“Why so tan!” my Chittaranjan Park downstairs neighbor, Patty, who ran a small beauty parlor, asked me the first time she saw me after my skin had been in the sun long enough that it wouldn’t glow in the dark. I took it to be a compliment—I had been to the beach while in Italy, why thank you very much!
She was not impressed. “Looks dirty,” she said, with the hint of a disgusted smirk. I was still new to Delhi, and the directness of her comment baffled me (in the years that followed, I learned to be somewhat nonplussed when my Indian friends and acquaintances noted, somewhat matter-of-factly, that I was “too skinny, you look sick!” or that I had “finally put on weight”). Patty, she liked my being “fair.” I soon learned she was not alone: My white skin was, for many, my biggest asset—and indeed through the years I spent in India, my white privilege cloak worked as an armor to keep me safe, and as a passcode to grant me admission to circles of society much higher than what I belonged to.
Whether at home in Delhi, or traveling elsewhere in the country, I hardly felt unwelcome: Sure, I had to watch for arbitrary overcharges and minor scams, but that, too, never felt hostile. “Sonia Gandhi!” friendly strangers would tell me, when I said I was from Italy. I doubt she (or I) would have been taken in with such open arms, with a dark skin.
But to be white in India is to be powerful, even as a woman.
Since I worked for an Indian company that paid me a local salary, I never really lived in an expat bubble. I tried to live like an urban middle-class Indian, and I fooled myself to the point that, often enough, I forgot I wasn’t one. I mostly stopped noticing that I was subject of insistent curious staring, bar the occasional theatrical episode—a young motorcyclist nearly crashing into my bicycle, his head turned to me as he tried to make sense of this blonde biking an Atlas to work; a baby in the crowded Delhi metro, her eyes widening with curiosity first, terror later, screamed at the freak that I was. “Nalis, she was Indian in her previous life,” my friends would joke, making me inordinately proud; I was a lychee (white outside, brown inside), they said.
But that was it—I was white outside. In a city that was horribly dangerous to women, I lived by myself and would go out alone, where and when I wanted, casually taking late night rides on taxis, even autorickshaws, to my home in Malviya Nagar—a carefree behavior that would require my Indian friends (not to mention anyone who looked eastern Asian, or who was black) so much courage. I didn’t feel in danger, because I was aware that my appearance carried a cachet of power and intimidation. My skin tone afforded me a freedom, and lifestyle, that were literally far above my paycheck.
Delhi never felt more dangerous than any big world metropolis—for a white woman, that is. Once, a short, skinny man in off-white polyester pants and threadbare bottom-up shirt followed me to my front door and, when I looked at him inquisitively, he asked me “you do massage?” I sternly assured him that I did not “do massage” and no, I was not letting him inside, no matter how many more times he suggested “me, inside, massage?” I literally ordered him “jao, na, jao!” (go, OK?, go) and he indeed went away, leaving me somewhat amused, contemplating the role of foreign female representation in Bollywood films.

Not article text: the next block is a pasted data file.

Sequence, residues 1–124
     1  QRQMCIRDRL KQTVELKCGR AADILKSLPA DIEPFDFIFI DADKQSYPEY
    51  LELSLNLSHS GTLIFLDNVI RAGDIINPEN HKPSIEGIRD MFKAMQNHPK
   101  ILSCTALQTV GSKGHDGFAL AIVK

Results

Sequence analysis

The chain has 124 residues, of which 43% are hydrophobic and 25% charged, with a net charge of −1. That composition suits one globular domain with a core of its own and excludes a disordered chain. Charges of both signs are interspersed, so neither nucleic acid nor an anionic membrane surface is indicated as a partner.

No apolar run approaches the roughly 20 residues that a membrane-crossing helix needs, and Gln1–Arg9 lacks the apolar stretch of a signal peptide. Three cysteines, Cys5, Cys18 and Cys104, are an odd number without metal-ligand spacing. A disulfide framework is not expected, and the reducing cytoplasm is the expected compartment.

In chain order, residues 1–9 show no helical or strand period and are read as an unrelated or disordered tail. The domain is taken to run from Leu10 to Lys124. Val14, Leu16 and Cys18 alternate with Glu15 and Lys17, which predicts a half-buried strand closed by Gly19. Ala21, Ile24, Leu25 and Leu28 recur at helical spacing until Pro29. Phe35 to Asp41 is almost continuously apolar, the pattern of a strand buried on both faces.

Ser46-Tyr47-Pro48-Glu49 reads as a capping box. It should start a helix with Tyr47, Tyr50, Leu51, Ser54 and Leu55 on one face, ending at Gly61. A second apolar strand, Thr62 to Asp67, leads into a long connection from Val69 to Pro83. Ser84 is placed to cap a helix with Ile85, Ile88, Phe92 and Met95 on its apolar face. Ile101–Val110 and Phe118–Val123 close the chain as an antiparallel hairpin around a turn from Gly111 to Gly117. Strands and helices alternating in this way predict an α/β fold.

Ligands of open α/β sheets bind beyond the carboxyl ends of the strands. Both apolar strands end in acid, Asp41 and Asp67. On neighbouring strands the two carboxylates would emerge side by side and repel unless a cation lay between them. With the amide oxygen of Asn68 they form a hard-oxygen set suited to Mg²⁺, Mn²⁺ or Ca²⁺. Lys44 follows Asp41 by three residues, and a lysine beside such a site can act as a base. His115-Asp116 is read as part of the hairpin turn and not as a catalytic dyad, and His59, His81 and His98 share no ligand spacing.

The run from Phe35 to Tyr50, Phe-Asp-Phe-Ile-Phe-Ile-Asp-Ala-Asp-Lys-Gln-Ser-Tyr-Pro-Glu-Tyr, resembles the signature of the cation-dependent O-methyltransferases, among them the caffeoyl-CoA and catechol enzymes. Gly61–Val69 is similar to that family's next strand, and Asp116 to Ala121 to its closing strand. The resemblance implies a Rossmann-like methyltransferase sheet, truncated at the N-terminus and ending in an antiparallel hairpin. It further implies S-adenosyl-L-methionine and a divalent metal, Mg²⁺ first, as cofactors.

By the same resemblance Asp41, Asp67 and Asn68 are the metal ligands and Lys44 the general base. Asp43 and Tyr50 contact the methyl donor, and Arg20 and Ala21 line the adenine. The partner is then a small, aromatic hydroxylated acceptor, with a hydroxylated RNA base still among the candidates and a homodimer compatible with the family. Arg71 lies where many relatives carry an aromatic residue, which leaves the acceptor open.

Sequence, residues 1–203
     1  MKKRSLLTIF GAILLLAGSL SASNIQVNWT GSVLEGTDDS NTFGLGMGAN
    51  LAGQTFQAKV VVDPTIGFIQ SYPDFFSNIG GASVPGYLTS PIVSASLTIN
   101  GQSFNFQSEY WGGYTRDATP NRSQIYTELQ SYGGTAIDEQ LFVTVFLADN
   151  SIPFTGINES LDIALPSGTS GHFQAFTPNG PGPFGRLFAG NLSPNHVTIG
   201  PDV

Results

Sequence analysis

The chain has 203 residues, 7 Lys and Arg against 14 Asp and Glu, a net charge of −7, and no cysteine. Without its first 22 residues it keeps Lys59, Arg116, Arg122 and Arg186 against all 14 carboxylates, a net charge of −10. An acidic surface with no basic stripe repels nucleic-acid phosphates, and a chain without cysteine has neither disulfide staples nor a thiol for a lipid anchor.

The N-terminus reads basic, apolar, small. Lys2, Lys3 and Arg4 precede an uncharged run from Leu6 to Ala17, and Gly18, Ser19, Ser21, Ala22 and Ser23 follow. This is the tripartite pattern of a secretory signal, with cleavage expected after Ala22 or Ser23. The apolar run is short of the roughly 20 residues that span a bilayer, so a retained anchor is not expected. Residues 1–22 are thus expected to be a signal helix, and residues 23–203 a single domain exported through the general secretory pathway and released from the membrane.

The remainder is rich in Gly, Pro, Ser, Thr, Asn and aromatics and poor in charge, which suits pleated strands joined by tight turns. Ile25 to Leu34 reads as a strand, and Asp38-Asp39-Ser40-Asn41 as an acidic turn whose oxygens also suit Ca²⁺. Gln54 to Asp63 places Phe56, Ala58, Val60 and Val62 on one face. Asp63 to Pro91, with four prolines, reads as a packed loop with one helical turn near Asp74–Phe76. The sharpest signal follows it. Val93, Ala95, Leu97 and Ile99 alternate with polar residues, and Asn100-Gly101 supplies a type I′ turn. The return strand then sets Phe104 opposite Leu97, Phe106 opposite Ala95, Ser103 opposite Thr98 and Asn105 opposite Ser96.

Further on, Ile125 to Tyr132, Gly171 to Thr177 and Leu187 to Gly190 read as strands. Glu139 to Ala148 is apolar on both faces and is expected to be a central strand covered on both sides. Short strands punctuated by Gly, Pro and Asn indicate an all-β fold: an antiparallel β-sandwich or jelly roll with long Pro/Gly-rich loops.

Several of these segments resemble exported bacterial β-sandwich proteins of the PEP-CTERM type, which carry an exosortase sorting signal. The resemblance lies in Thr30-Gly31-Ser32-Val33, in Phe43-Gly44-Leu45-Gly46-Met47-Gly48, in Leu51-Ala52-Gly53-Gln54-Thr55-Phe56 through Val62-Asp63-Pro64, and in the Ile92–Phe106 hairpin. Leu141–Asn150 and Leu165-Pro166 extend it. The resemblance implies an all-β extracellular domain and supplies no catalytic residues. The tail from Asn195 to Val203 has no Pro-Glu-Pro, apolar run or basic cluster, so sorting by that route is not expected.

For me, India was mostly a wonderful land where I could crash a complete stranger’s wedding and be treated like a guest of honor, a place where people were kind and warm beyond what I actually deserved. Their welcoming attitude made India my home—and contributed to the sheer joy that I experienced there. It was, too, the place where I internalized a privilege so marked that I would always be shocked—shocked! And oh so annoyed!—when things weren’t done my way, where too often I mistook courtesy for rights.
Sometimes I try to picture what would happen in the US, where I live now, or in my home at Italy, if immigrants displayed half the arrogance of white people in India—too often trying to teach how things should work, too frequently demanding that their rules be followed.
But the kind of welcome I enjoyed, being treated with utmost respect, at times even deference, was the flip side of the insults and aggressions that were commonplace towards my African neighbors, only a few blocks away in Khirki extension, who were commonly denied rent elsewhere in the city. My top place on the skin tone hierarchy—well exploited and perpetuated through the mythical “fairness scale” of skin whiteners—existed because of a dark, disenfranchised bottom.
Once, my lovely housekeeper Usha, an illiterate woman who worked hard to send her daughters to college, told me that only one of them was sundar (beautiful)—the other was, like herself, dark. I snapped at her and used all the little Hindi I know to sternly tell her that she, too, was sundar, and so was her daughter—the perfect paradox of a white woman who scolds her maid on loving her own skin.
Color, religion, origin, gender: the line of Indian discrimination is a moving target. A friend told me, once, laughing, that his parents would be happy to let him choose his own bride, so long as he didn’t pick a “BMW”—black, Muslim, or white woman (in this order of desirability); in the end, I remember thinking, not without surprise, even my fair skin wasn’t good enough.
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